“Get off of me,” shouted Yitz, but the monkey wouldn’t let go. The more Yitz tried to throw it off, the tighter it clung on, until almost triumphantly, it found what it was looking for under Yitz’s shirt and hopped from his shoulder onto Danny’s. Chattering excitedly, it handed him a yellowing envelope sealed with wax. Someone had broken the seal, and it could only be Yitz. Something inside that envelope must have enraged him.

The sound of a helicopter in the distance caught them unawares. Forgetting everything that had just happened, Danny shouted to Yitz.

“Get up the cliff and wave!”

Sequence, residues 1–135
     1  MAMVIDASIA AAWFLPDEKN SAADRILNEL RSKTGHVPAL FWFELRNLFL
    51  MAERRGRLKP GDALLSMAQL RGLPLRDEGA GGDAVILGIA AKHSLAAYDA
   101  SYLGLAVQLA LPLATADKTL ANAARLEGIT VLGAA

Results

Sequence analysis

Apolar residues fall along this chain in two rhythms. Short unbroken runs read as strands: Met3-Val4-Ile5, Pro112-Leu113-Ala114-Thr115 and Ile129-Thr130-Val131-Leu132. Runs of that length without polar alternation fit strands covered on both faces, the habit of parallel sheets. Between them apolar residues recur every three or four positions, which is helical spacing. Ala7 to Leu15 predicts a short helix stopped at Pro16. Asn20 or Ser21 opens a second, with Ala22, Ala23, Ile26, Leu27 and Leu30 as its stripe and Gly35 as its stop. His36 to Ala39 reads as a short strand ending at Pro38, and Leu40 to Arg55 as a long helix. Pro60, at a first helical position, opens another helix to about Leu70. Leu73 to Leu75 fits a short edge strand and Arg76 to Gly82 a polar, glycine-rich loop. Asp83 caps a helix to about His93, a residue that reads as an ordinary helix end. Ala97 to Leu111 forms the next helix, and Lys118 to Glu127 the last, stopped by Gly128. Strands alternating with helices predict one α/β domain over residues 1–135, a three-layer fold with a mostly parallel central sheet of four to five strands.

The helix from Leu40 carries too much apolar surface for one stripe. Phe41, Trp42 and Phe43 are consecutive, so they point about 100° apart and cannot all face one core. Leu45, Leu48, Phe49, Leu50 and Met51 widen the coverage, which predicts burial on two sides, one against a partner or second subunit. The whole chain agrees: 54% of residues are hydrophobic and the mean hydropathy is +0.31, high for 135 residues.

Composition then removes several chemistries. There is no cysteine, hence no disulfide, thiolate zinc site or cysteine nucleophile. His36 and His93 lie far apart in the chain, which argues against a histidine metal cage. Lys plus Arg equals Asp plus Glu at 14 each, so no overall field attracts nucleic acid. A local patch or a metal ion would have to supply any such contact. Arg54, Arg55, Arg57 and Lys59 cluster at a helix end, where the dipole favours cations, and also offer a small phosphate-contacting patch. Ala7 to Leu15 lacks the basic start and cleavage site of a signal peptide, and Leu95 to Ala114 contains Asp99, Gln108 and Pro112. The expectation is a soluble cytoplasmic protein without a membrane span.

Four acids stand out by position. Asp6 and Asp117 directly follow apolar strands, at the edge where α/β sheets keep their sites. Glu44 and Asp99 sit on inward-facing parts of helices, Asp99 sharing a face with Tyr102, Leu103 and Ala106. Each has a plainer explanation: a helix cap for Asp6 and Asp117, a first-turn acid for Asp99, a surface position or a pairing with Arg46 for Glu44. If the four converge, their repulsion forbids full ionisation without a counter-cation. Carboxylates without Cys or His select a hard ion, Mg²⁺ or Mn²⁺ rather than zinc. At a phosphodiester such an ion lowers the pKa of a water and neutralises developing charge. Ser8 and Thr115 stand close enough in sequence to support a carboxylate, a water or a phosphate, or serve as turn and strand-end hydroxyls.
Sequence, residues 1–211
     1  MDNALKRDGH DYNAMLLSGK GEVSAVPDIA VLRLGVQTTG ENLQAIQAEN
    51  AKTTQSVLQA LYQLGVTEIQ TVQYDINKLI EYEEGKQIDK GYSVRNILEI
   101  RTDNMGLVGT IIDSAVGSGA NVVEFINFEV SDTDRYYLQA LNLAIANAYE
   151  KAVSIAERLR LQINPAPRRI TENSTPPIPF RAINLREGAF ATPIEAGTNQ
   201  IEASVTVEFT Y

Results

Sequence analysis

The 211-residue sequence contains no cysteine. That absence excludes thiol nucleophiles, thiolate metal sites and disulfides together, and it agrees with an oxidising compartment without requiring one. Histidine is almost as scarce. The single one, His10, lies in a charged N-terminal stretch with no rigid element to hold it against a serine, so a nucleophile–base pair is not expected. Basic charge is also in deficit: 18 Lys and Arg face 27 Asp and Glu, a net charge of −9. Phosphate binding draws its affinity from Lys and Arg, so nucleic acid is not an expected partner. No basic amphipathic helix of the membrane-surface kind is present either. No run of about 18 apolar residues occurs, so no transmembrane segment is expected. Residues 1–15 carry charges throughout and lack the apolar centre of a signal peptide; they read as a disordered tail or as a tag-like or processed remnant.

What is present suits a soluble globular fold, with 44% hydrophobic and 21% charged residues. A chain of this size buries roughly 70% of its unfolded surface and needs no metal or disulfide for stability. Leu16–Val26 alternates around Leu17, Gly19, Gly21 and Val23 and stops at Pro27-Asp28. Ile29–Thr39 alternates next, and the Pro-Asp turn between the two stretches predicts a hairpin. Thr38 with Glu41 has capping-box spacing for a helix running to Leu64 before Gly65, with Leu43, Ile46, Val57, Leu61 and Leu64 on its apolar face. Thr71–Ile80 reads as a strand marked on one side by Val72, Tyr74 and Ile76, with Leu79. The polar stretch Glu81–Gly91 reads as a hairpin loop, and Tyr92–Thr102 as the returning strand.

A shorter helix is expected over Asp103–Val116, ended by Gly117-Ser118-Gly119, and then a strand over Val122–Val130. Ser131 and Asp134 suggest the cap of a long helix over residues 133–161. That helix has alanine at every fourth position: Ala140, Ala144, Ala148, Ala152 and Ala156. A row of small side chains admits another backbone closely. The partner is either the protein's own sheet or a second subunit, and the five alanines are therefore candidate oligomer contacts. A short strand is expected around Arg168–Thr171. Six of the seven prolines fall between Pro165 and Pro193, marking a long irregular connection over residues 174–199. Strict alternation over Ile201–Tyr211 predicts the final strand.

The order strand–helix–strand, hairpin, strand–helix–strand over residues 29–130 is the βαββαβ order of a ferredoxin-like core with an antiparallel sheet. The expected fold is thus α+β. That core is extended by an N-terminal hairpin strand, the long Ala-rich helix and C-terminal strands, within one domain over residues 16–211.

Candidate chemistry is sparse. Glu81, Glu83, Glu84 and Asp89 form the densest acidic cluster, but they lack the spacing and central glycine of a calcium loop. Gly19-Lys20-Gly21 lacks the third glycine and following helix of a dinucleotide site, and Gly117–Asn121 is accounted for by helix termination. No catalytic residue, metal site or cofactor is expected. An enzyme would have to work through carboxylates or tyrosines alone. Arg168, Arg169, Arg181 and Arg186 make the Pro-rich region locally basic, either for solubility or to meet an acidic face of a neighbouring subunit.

With a strength born of desperation, both boys charged up the rocky crag. Waving and shouting frantically, they watched as the helicopter chugged overhead and turned away.

“Don’t go! Please — don’t go!” screamed Yitz.

To their surprise and relief, the helicopter turned round and began circling, searching for a place to land. Out of the corner of his eye, Danny saw that Yitz was crying.

Later, much later, back in camp, in the quiet of the night, with Zvi safely on the mend and the joyful news that his mother’s condition was improving, Daniel opened the envelope.

He stared at the closely written script in Lashon Hakodesh:

‘’Tzava’ah of Harav Hagaon Doniel ben Michoel of the kingly family of Yesurun. Bearer of the mark of the tablets of stone.

Sons and daughters of Jacob! Let not your heart grow faint or your courage fail you. Even as the enemy surrounds you, cling to your G-d. Even as your loved ones grow sick, your G-d performs wonders.